A unique example of bipartisan teamwork, the Fix Congress Now Caucus has been founded in the House to attempt to pass legislation through compromise. The caucus was initiated by Rep. Scott Rigell (R-VA), and co-founded by Rep. Reid Ribble (R-WI), Rep. Kurt Schrader (D-OR), and Rep. Jim Cooper (D-TN), making it an even group of two Democrats and two Republicans.
They have developed a mission statement defining the purpose of the caucus which is to,
Identify, agree upon, and move forward legislation and rule changes that will fix this institution to such a degree that we are able to fully meet our deep obligation to our fellow Americans — and to our children and grandchildren. And we will be bold in our efforts to truly make a difference.
In May, the caucus announced its support of HR3643, the No Budget, No Pay Act, which halts the pay of all members of Congress if both houses have failed to approve a budget and all the regular approbations bills for a fiscal year before October 1st of that year. The act has been co-sponsored by more than 40 members of Congress since its inception in December 2011. It’s also a major piece of No Labels’ advocacy program.
According to No Labels, Congress has successfully passed a federal budget on time only four times in the past 60 years. This continual failure has led to the bleak approval rating of Congress, currently holding steady at around 16%, near its lowest approval rating in history.
Congress is dominated by the parties who largely refuse to compromise. The Fix Congress Now Caucus is optimistic that acts like the No Budget, No Pay Act will force party members to work together in order to modify the dismal fiscal climate.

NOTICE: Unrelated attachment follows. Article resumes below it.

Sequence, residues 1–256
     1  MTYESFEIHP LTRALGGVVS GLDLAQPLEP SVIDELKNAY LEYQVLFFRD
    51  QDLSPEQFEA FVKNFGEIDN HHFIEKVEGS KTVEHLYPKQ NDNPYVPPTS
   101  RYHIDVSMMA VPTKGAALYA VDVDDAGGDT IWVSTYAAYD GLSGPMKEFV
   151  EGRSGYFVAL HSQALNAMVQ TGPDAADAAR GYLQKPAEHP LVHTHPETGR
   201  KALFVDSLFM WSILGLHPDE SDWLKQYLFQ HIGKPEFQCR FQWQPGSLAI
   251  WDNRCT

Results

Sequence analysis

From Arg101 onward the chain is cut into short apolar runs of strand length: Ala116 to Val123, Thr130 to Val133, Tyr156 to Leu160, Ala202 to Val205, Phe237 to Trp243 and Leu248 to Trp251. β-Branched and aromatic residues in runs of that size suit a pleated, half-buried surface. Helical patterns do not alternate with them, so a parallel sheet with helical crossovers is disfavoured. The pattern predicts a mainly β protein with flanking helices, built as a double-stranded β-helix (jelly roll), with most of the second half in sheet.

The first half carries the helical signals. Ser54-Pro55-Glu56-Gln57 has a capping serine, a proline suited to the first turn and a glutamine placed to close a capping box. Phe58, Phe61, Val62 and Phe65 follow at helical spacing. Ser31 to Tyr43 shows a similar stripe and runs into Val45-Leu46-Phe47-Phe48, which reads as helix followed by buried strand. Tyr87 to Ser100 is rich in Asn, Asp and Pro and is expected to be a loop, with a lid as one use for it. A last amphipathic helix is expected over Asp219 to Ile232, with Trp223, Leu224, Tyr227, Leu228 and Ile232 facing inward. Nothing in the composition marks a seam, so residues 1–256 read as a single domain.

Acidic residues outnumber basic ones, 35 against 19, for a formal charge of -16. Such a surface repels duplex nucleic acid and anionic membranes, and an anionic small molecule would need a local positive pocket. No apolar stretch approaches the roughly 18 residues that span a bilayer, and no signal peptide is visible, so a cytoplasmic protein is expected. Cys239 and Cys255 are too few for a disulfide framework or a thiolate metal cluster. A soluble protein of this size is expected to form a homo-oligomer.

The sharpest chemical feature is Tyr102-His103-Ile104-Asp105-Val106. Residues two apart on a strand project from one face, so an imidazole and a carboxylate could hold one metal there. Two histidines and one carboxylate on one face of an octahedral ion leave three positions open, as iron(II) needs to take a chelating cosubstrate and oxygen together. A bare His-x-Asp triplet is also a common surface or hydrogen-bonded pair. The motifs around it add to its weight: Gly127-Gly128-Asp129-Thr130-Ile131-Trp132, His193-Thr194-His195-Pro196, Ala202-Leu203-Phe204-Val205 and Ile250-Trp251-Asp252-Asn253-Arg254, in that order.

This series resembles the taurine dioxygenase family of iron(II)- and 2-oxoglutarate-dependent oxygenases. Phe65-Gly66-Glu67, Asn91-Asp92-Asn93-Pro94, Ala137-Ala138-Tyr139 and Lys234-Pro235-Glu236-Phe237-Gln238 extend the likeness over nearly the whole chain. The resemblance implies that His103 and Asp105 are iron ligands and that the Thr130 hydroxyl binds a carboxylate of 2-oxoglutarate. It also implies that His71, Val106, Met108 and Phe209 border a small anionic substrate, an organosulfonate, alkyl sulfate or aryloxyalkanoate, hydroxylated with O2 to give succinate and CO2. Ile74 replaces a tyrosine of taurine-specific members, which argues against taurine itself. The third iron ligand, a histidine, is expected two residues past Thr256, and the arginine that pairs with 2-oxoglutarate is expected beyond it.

Thomas Mann, of the Brookings Institution, said recently in an interview with the Associated Press that Republicans and Democrats alike treat Congress as “a strategic game in which the legislative process is used to advance one’s party prospect in the next election.”
The caucus hopes to reform this stagnant climate, so Congress will be able to accomplish its goals without such fervent opposition from parties which are in direct opposition with one another.
“The American people need to ask their Congressmen to vote for their country and their conscience, not for their political party,” says caucus member Rep. Jim Cooper (D-TN).
If this is what the American people want, compromise that fuels results which reflect their needs, then they must demand as much from their elected representatives.
The Fix Congress Now Caucus is currently comprised of 12 members, 4 Democrats and 8 Republicans. They are endeavoring to grow as they seek more members from both sides of the political aisle. As their numbers increase and congressional constituents become more vocal about their disapproval of Congress, the climate in Washington will eventually be forced into change.